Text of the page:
PORTLAND, Maine (AP) — Federal regulators have cut Maine fishermen's quota for elvers by nearly 18 percent to allow the stock of the lucrative baby eels to rebuild.
The move came Monday after a federal panel had recommended a quota of 9,688 pounds of elvers for next year. That's a reduction from 11,749 pounds this year, the first year a quota was imposed, regulators said.
Prices for elvers topped $1,800 per pound in 2012 and 2013, and fishermen reported prices between $500 and $1,000 per pound this year. Prices per pound never topped $350 from 1994 to 2010. Catch also ballooned to more than 18,000 pounds in 2012 and 2013, topping 10,000 for the first time since 1998, prompting fears of overfishing.
Atlantic States Marine Fisheries Commission's American Eel Management Board approved the new quota at a meeting in Mystic, Connecticut. Kate Taylor, the commission's eel fishery management plan coordinator, said the new quota will protect Maine's economic interests and help the stock rebuild.
Elvers, also called glass eels, are sold overseas as seed stock for aquaculture companies in Asia that raise them to maturity and sell them as food.
Many elver fishermen in the state opposed the quota cut. Fishermen have showed dedication to preserving the fishery by participating in a swipe card system to prevent poaching, said Jeffrey Pierce, director of the Maine Elver Fishermen's Association.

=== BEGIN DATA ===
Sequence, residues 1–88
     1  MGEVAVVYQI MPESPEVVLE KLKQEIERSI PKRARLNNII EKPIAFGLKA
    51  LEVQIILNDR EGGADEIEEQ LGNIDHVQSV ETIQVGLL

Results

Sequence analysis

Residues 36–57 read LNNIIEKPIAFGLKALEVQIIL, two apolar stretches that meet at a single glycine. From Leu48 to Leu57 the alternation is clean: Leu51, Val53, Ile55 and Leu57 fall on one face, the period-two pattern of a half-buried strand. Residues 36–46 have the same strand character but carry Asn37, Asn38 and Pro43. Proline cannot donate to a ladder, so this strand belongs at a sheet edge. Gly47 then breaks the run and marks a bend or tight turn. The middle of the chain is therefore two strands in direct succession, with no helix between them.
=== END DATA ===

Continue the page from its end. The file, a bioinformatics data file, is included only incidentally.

"We've done a tremendous amount of work to bring this elver fishery into compliance and they cut us back again," Pierce said.
Maine Department of Marine Resources Commissioner Patrick Keliher said the state would have preferred the status quo, but the quota cut "represents a better scenario than originally envisioned as we headed into last season."
The elver board also voted to allow other East Coast states to begin elver fisheries if they create an approved conservation program. States will be allowed to also harvest elvers for domestic aquaculture under certain conditions. Currently Maine and South Carolina are the only states with elver fisheries, and Maine's is much larger.